Turkey will retaliate for the shooting down of an armed Turkish drone by the United States in northern Syria, President Recep Tayyip Erdoğan on Oct. 9 said in a news conference following a cabinet meeting.
"There is no doubt that the incident has been engraved in our national memory and necessary action will certainly be taken when the time comes," he said.
The United States on Oct. 5 shot down an armed Turkish drone operating in proximity to its troops in Syria, marking the first such incident involving its NATO ally Turkey, according to the Pentagon's statement. Prior to the statement, Turkish sources had declined that the drone belonged to Turkey.
Erdoğan's far-right ally Nationalist Movement Party (MHP) leader Devlet Bahçeli stated that he condemned the downing of the drone during his weekly speech in the parliament and added, "According to claims of the U.S., our drone was shot down in 'self-defense.' What is the U.S. doing in northern Syria? If what the U.S. is doing is self-defense, why not what Turkey is doing? There is no need for pretense. The US has officially opened fire on our drone."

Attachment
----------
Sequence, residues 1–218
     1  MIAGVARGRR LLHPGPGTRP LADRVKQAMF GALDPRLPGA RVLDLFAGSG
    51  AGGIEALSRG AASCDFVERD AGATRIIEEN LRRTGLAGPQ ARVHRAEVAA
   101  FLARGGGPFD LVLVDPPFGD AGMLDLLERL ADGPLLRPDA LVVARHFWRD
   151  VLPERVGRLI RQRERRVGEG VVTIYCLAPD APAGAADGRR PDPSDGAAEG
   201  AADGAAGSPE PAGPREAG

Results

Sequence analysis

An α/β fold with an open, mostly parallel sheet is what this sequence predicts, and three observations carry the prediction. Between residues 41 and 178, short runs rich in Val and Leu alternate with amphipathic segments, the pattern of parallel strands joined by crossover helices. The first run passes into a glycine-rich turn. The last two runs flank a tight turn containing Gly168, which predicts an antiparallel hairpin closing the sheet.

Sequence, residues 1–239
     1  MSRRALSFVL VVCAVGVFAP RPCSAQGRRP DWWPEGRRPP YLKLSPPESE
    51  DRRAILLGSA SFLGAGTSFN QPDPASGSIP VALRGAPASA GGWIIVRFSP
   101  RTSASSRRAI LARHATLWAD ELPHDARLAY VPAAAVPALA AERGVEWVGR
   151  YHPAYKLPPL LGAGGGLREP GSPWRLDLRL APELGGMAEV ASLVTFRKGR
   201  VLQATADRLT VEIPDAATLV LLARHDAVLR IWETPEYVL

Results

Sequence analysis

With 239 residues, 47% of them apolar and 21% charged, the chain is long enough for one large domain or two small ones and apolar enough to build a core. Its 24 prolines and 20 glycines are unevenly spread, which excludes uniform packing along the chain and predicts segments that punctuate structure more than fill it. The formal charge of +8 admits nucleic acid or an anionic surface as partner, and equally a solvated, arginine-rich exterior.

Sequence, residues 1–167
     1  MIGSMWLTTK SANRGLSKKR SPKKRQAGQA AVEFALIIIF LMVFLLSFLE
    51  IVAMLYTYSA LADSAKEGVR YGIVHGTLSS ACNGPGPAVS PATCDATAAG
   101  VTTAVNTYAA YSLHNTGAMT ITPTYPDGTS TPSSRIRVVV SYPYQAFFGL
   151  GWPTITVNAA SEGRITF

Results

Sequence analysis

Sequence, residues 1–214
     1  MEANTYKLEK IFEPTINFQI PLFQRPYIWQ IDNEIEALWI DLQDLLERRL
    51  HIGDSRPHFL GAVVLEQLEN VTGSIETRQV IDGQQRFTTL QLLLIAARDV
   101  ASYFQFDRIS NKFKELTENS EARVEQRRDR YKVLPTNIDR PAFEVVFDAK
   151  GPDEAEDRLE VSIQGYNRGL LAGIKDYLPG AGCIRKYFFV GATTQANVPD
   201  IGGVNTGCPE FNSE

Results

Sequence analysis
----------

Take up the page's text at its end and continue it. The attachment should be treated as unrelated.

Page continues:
U.S.-allied Syrian Kurdish forces have been targeted by the Turkish military in an escalation prompted by the bomb attack in Ankara by Kurdish militants.
U.S. support for Kurdish forces in northern Syria has long caused tension with Turkey, which views them as a wing of the outlawed Kurdistan Workers' Party (PKK). That group claimed responsibility for Sunday's attack in Ankara near government buildings.
Turkey said the two attackers had come from Syria. The bombing killed both attackers and wounded two police officers. The Syrian Democratic Forces, the Kurdish-led force backed by the U.S., denied that the bombers had passed through its territory.